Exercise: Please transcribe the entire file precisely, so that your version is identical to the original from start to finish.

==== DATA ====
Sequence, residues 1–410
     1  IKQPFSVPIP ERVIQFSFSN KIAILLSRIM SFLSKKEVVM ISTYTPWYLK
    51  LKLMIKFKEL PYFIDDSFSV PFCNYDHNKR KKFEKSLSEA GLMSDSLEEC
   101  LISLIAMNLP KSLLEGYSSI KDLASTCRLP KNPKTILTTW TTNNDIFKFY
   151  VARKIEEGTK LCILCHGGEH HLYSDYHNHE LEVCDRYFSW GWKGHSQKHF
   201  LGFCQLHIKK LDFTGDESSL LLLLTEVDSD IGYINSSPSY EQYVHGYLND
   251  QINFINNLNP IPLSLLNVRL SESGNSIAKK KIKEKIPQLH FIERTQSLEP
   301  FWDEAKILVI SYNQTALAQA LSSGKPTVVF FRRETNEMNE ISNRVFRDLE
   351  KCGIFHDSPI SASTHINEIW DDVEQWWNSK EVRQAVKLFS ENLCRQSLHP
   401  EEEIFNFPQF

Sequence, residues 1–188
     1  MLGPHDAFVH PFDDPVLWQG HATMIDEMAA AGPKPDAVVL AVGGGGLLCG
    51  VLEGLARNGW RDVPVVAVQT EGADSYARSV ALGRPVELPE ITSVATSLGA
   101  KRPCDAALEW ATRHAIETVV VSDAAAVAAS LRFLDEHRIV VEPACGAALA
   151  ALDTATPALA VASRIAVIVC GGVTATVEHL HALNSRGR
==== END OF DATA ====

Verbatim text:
Sequence, residues 1–410
     1  IKQPFSVPIP ERVIQFSFSN KIAILLSRIM SFLSKKEVVM ISTYTPWYLK
    51  LKLMIKFKEL PYFIDDSFSV PFCNYDHNKR KKFEKSLSEA GLMSDSLEEC
   101  LISLIAMNLP KSLLEGYSSI KDLASTCRLP KNPKTILTTW TTNNDIFKFY
   151  VARKIEEGTK LCILCHGGEH HLYSDYHNHE LEVCDRYFSW GWKGHSQKHF
   201  LGFCQLHIKK LDFTGDESSL LLLLTEVDSD IGYINSSPSY EQYVHGYLND
   251  QINFINNLNP IPLSLLNVRL SESGNSIAKK KIKEKIPQLH FIERTQSLEP
   301  FWDEAKILVI SYNQTALAQA LSSGKPTVVF FRRETNEMNE ISNRVFRDLE
   351  KCGIFHDSPI SASTHINEIW DDVEQWWNSK EVRQAVKLFS ENLCRQSLHP
   401  EEEIFNFPQF

Sequence, residues 1–188
     1  MLGPHDAFVH PFDDPVLWQG HATMIDEMAA AGPKPDAVVL AVGGGGLLCG
    51  VLEGLARNGW RDVPVVAVQT EGADSYARSV ALGRPVELPE ITSVATSLGA
   101  KRPCDAALEW ATRHAIETVV VSDAAAVAAS LRFLDEHRIV VEPACGAALA
   151  ALDTATPALA VASRIAVIVC GGVTATVEHL HALNSRGR